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Archive for the ‘Key West Museums’ Category

Hometown Pass

April 7th, 2018 by Piper Smith

Key West Residents that sign up for Read the rest of this entry »

Locals Day

March 4th, 2018 by Piper Smith

Calling all Locals! Every FIRST SUNDAY of the month is FREE for Monroe County residents! Come on down to the Key West Shipwreck Museum for a tour!

 

*Proof of residency required

Hometown Pass

March 3rd, 2018 by Piper Smith

Key West Residents that sign up for Read the rest of this entry »

Hometown Pass

February 4th, 2018 by Piper Smith

Calling all Locals! Every FIRST SUNDAY of the month is FREE for Monroe County residents! Come on down to the Key West Shipwreck Museum for a tour!

 

*Proof of residency required

Hometown Pass

February 3rd, 2018 by Piper Smith

Key West Residents that sign up for Read the rest of this entry »

Locals Day

January 7th, 2018 by Piper Smith

Calling all Locals! Every FIRST SUNDAY of the month is FREE for Monroe County residents! Come on down to the Key West Shipwreck Museum for a tour!

 

*Proof of residency required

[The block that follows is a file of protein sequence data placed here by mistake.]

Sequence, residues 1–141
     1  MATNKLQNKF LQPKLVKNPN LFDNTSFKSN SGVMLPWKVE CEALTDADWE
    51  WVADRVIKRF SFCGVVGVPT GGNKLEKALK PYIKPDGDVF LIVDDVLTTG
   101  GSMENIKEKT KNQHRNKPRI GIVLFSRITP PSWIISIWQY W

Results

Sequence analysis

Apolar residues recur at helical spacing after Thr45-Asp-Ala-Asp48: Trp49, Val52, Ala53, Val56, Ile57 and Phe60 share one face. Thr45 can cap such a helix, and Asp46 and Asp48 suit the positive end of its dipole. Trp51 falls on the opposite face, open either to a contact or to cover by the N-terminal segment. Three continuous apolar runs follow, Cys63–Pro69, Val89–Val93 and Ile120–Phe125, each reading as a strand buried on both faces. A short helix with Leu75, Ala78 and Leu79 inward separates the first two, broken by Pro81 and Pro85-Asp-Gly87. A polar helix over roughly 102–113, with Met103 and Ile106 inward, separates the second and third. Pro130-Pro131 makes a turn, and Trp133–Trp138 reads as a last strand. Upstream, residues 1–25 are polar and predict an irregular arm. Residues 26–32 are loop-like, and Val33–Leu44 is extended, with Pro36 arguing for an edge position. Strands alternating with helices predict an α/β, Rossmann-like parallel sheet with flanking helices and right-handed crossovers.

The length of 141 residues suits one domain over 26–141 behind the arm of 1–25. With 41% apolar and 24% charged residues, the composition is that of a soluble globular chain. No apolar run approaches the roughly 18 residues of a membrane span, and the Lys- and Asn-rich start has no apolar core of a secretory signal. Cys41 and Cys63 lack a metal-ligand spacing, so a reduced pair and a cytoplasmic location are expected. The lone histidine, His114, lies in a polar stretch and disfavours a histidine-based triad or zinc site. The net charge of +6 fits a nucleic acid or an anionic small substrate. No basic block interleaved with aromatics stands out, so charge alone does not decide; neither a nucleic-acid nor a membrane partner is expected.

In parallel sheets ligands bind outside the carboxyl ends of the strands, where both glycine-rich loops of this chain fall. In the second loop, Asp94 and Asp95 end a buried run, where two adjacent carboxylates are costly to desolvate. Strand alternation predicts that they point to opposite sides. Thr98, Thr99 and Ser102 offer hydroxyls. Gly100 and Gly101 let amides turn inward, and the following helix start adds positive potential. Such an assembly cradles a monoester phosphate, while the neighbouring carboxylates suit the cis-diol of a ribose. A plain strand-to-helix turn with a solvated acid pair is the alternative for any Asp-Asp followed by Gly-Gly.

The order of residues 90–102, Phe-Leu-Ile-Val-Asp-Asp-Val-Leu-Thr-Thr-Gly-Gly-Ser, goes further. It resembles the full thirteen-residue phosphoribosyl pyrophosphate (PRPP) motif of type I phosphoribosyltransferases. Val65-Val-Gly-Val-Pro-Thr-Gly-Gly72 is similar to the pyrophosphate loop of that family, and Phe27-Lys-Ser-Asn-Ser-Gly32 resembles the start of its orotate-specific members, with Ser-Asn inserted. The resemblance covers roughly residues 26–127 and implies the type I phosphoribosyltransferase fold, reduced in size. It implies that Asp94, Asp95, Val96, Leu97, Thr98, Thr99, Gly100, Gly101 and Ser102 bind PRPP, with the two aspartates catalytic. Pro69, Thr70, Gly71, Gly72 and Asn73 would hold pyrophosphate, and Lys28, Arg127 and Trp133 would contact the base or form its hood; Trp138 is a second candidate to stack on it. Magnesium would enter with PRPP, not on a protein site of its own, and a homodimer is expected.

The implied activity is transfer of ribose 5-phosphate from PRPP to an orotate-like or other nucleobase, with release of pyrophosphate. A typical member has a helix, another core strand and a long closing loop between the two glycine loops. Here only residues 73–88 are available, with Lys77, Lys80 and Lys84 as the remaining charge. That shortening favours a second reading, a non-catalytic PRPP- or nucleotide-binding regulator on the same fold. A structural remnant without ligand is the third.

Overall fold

Hometown Pass

January 6th, 2018 by Piper Smith

Key West Residents that sign up for Read the rest of this entry »

Widows Walk

October 24th, 2017 by Piper Smith

A widow’s walk is also known as a Widow’s Watch. It is a small railed rooftop platform frequently found on 19th-century North American coastal houses. They are a common sight to see on Original Conch Houses built during the Wrecking Era.

Some properties in Key West with a widow’s walk include:

The Curry Mansion, Sarabeth’s, John Lowe Jr. House, Island City House.

Replica Doll House of the Lowe House on Southard St.

Asa Tift

August 22nd, 2017 by Piper Smith

Asa Tift was the elder son of Captain Amos Tift, one of the Read the rest of this entry »

6 Undiscovered Wrecks

July 18th, 2017 by Piper Smith

Is it possible to know of wrecks that have yet to be discovered? How do we track that?

Today, we have GPS technology where locating sinking (and floating) ships is easier to locate. As recent as the early 1900’s Ships have sunk and are yet to be found. Because of currents and drifts in the ocean it is difficult to pinpoint an exact location without the use of today’s technology.

The locations known of these sunken ships is a “guestimation” of their course of travel and where they submerged into the water.

Six wrecks that embody this situation are the Santa Maria 1492), USS Indianapolis (1945), HMS Endeavour (1778), The Griffin (1679), Shackleton’s Endurance (1914), Bonhomme Richard (1779).

 

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